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Researchers say a vegetarian diet may lower risk of stroke

Researchers say a vegetarian diet may lower risk of stroke

A new study suggests that a vegetarian diet rich in nuts, vegetables and soy may lower the risk of stroke, compared to a diet that includes meat and fish. 

Researchers say a vegetarian diet may lower risk of stroke

The research, published in Neurology tracked two groups of Buddhist communities in Taiwan where the vegetarian diet is popular, and smoking and alcohol consumption discouraged. Of the participants, 30% were vegetarians, with 25% of them being men.

Following the groups for six and nine years, the researchers found that vegetarians in the first group had a 74% lower risk of ischemic stroke (when blood flow to part of the brain is blocked) compared to the non-vegetarians.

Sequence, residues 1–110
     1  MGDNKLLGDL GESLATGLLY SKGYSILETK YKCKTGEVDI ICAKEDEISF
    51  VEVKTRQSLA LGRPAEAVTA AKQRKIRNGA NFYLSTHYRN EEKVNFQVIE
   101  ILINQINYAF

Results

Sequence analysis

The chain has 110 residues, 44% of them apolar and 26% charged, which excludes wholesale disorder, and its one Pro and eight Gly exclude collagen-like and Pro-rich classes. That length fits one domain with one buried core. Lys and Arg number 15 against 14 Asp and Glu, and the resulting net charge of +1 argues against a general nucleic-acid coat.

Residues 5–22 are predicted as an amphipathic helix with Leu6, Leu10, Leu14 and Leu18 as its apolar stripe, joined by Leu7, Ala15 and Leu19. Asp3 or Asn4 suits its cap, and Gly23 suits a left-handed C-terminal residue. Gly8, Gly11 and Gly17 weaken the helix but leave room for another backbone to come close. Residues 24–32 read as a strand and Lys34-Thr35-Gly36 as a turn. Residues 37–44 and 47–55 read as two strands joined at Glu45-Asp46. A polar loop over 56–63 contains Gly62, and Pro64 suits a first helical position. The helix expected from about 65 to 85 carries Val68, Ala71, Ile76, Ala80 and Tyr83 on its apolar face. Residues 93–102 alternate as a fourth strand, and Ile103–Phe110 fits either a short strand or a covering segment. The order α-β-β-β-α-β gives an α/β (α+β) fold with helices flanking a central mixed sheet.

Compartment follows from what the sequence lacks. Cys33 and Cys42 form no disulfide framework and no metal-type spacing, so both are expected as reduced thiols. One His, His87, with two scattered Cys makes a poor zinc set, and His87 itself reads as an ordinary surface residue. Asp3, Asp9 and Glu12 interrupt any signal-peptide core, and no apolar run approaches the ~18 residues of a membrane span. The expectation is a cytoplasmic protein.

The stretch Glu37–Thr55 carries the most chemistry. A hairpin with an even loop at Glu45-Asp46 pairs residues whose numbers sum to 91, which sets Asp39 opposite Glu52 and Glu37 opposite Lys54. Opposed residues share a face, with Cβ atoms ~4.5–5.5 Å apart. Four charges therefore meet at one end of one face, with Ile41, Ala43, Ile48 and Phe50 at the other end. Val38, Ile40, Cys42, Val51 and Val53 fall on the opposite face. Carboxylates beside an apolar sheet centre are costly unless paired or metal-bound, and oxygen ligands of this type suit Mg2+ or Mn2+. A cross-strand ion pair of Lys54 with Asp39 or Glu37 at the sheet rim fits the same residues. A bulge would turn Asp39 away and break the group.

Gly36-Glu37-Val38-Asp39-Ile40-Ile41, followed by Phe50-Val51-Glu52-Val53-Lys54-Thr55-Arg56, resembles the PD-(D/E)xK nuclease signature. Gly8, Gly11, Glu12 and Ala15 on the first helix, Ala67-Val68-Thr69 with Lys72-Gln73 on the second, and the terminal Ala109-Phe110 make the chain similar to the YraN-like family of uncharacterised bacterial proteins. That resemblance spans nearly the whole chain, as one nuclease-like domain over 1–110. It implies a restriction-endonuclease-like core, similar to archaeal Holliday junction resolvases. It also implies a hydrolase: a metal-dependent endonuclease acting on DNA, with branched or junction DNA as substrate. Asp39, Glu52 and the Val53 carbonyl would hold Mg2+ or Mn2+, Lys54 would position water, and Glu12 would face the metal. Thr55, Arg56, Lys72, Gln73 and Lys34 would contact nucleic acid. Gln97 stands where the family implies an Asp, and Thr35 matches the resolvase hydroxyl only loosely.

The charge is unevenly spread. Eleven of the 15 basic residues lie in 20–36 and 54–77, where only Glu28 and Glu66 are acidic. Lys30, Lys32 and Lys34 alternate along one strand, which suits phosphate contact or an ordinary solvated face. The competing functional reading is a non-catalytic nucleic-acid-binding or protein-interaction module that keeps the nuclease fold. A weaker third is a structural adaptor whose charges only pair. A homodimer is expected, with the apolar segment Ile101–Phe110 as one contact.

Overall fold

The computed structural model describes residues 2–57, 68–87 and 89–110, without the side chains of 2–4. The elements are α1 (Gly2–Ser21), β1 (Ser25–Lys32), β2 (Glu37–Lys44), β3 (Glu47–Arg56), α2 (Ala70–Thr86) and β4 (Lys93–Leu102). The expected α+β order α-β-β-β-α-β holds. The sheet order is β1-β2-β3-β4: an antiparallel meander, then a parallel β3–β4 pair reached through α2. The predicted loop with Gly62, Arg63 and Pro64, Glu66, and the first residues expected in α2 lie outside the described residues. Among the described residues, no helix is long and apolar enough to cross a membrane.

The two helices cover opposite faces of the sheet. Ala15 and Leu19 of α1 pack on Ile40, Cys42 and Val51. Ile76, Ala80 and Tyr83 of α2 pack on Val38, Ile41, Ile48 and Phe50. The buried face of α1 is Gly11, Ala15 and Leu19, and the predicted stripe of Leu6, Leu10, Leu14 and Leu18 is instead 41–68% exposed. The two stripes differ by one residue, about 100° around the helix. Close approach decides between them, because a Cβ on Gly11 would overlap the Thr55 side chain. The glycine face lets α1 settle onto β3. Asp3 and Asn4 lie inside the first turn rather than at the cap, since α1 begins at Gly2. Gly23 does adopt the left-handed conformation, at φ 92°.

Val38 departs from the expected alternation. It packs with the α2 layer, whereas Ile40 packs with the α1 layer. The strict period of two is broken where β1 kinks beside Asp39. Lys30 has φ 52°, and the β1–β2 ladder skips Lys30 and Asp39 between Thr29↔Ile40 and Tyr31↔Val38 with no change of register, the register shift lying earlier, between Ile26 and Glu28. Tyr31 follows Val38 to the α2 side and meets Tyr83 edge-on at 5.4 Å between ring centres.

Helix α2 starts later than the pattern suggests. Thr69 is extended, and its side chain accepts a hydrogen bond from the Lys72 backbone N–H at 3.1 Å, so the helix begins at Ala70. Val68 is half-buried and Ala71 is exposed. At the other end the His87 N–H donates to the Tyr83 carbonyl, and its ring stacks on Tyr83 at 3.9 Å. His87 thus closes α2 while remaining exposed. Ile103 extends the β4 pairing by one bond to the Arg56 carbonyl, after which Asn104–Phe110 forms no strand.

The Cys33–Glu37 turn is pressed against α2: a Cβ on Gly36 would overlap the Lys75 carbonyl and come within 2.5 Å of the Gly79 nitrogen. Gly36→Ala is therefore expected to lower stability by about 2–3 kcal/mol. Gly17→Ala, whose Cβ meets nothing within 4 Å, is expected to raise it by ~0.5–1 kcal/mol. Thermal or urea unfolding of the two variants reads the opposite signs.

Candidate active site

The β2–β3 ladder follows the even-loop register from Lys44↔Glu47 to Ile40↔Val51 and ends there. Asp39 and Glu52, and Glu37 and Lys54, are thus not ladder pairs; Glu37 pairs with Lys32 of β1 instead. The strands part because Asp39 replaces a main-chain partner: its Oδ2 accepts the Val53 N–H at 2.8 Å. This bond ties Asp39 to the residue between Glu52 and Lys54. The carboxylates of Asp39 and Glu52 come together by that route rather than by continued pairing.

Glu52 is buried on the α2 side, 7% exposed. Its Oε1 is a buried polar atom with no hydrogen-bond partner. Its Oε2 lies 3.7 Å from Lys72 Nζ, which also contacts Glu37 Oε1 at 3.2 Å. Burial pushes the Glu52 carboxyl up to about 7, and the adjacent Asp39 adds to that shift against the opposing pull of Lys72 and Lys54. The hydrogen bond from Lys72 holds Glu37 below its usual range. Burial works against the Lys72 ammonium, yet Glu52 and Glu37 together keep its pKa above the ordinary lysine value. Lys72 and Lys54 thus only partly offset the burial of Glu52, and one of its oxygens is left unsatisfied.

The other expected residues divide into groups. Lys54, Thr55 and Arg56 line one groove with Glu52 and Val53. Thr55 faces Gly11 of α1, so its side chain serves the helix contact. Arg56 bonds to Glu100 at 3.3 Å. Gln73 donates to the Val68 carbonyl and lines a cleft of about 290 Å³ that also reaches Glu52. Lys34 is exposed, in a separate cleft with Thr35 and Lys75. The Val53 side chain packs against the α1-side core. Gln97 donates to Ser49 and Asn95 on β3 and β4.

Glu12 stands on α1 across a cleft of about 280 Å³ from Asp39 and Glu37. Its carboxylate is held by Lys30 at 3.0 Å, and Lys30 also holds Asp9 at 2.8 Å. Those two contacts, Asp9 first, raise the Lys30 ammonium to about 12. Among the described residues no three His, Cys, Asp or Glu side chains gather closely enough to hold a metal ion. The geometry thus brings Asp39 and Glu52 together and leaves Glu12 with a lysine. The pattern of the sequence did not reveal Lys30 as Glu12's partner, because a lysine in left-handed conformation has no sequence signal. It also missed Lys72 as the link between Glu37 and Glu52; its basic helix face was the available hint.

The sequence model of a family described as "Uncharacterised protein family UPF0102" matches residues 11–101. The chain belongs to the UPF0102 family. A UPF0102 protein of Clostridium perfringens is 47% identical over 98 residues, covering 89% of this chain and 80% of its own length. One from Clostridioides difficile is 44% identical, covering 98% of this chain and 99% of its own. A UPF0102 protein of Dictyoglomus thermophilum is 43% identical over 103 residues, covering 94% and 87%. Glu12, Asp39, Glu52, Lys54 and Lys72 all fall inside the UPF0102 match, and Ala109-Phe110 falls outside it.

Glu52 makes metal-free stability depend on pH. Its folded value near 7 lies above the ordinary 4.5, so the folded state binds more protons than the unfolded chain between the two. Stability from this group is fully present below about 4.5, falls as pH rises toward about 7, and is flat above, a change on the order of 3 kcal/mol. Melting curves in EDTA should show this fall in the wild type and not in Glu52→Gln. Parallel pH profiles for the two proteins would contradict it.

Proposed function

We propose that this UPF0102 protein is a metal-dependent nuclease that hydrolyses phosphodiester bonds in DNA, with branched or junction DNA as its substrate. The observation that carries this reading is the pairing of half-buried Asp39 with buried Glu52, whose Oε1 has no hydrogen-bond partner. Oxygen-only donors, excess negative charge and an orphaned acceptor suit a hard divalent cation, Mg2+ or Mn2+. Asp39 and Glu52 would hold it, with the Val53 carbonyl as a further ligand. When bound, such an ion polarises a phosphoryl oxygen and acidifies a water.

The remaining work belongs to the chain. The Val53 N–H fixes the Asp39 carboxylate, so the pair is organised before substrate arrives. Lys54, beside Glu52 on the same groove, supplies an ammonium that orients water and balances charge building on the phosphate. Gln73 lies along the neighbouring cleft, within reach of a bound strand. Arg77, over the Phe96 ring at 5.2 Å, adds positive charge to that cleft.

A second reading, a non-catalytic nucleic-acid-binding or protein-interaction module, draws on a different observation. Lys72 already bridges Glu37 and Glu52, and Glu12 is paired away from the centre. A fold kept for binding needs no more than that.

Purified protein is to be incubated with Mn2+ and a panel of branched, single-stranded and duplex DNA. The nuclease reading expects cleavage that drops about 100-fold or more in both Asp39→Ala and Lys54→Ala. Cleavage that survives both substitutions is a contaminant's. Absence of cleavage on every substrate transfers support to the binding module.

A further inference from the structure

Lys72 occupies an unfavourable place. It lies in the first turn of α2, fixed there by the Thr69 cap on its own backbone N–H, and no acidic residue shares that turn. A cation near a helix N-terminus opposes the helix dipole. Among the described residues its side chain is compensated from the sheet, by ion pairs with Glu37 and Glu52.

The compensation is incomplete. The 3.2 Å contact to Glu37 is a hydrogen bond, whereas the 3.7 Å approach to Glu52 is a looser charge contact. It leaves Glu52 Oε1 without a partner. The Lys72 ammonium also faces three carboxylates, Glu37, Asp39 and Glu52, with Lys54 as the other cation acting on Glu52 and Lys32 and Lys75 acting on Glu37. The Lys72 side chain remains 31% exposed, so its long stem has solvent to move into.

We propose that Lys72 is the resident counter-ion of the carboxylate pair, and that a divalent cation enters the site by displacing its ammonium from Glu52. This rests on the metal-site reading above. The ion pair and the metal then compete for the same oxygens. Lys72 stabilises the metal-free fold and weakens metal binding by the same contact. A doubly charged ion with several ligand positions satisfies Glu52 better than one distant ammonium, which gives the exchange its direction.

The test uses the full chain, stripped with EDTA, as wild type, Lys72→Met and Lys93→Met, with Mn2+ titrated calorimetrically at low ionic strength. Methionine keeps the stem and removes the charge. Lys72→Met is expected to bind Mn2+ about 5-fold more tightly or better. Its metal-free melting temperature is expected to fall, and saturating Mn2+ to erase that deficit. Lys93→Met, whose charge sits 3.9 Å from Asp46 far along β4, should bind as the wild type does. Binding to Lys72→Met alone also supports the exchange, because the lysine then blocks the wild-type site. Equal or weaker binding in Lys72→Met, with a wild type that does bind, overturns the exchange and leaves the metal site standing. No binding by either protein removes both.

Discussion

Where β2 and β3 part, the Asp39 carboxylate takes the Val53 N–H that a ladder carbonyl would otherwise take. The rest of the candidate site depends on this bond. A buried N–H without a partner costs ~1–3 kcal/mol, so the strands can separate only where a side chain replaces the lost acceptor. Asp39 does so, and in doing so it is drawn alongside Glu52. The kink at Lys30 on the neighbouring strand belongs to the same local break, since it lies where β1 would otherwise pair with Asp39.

In the second group, vegetarians had a 65% lower risk of hemorrhagic stroke (when an artery in the brain leaks or bursts) when compared to the meat-eaters.

“Overall, our study found that a vegetarian diet was beneficial and reduced the risk of ischemic stroke even after adjusting for known risk factors like blood pressure, blood glucose levels and fats in the blood,” said study author Chin-Lon Lin, M.D., of Tzu Chi University in Hualien, Taiwan. “This could mean that perhaps there is some other protective mechanism that may protecting those who eat a vegetarian diet from stroke.”

While the results may show a link between vegetarian diets and lower risks of stroke, researchers point out the limitation of only assessing participants at the start of the study, therefore not knowing if their diets may have changed over time.


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